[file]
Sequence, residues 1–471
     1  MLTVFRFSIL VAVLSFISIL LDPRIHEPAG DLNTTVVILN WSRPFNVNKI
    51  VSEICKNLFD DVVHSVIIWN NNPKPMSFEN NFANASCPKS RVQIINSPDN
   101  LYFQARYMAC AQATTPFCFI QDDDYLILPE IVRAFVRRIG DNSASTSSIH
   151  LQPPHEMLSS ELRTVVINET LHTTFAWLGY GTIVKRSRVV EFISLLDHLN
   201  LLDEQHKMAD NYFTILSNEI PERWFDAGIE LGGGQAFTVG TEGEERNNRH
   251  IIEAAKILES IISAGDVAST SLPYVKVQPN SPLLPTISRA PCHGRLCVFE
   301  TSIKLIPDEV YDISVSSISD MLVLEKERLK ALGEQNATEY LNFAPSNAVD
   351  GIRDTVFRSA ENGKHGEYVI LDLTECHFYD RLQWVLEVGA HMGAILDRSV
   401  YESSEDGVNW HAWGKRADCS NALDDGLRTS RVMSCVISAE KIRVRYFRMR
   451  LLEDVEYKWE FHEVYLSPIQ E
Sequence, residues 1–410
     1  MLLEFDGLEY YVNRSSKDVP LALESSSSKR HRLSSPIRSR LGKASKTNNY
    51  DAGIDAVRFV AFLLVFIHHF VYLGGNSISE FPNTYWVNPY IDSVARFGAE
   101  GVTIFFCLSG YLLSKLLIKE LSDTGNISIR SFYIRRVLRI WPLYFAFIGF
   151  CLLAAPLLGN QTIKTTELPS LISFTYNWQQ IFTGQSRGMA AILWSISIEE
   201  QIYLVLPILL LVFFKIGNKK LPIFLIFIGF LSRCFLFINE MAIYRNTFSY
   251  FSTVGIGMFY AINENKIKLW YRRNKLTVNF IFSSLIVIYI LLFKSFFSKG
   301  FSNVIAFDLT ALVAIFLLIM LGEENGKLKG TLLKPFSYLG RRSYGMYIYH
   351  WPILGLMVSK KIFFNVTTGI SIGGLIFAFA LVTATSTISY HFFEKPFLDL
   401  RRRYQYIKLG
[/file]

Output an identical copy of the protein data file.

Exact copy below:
Sequence, residues 1–471
     1  MLTVFRFSIL VAVLSFISIL LDPRIHEPAG DLNTTVVILN WSRPFNVNKI
    51  VSEICKNLFD DVVHSVIIWN NNPKPMSFEN NFANASCPKS RVQIINSPDN
   101  LYFQARYMAC AQATTPFCFI QDDDYLILPE IVRAFVRRIG DNSASTSSIH
   151  LQPPHEMLSS ELRTVVINET LHTTFAWLGY GTIVKRSRVV EFISLLDHLN
   201  LLDEQHKMAD NYFTILSNEI PERWFDAGIE LGGGQAFTVG TEGEERNNRH
   251  IIEAAKILES IISAGDVAST SLPYVKVQPN SPLLPTISRA PCHGRLCVFE
   301  TSIKLIPDEV YDISVSSISD MLVLEKERLK ALGEQNATEY LNFAPSNAVD
   351  GIRDTVFRSA ENGKHGEYVI LDLTECHFYD RLQWVLEVGA HMGAILDRSV
   401  YESSEDGVNW HAWGKRADCS NALDDGLRTS RVMSCVISAE KIRVRYFRMR
   451  LLEDVEYKWE FHEVYLSPIQ E
Sequence, residues 1–410
     1  MLLEFDGLEY YVNRSSKDVP LALESSSSKR HRLSSPIRSR LGKASKTNNY
    51  DAGIDAVRFV AFLLVFIHHF VYLGGNSISE FPNTYWVNPY IDSVARFGAE
   101  GVTIFFCLSG YLLSKLLIKE LSDTGNISIR SFYIRRVLRI WPLYFAFIGF
   151  CLLAAPLLGN QTIKTTELPS LISFTYNWQQ IFTGQSRGMA AILWSISIEE
   201  QIYLVLPILL LVFFKIGNKK LPIFLIFIGF LSRCFLFINE MAIYRNTFSY
   251  FSTVGIGMFY AINENKIKLW YRRNKLTVNF IFSSLIVIYI LLFKSFFSKG
   301  FSNVIAFDLT ALVAIFLLIM LGEENGKLKG TLLKPFSYLG RRSYGMYIYH
   351  WPILGLMVSK KIFFNVTTGI SIGGLIFAFA LVTATSTISY HFFEKPFLDL
   401  RRRYQYIKLG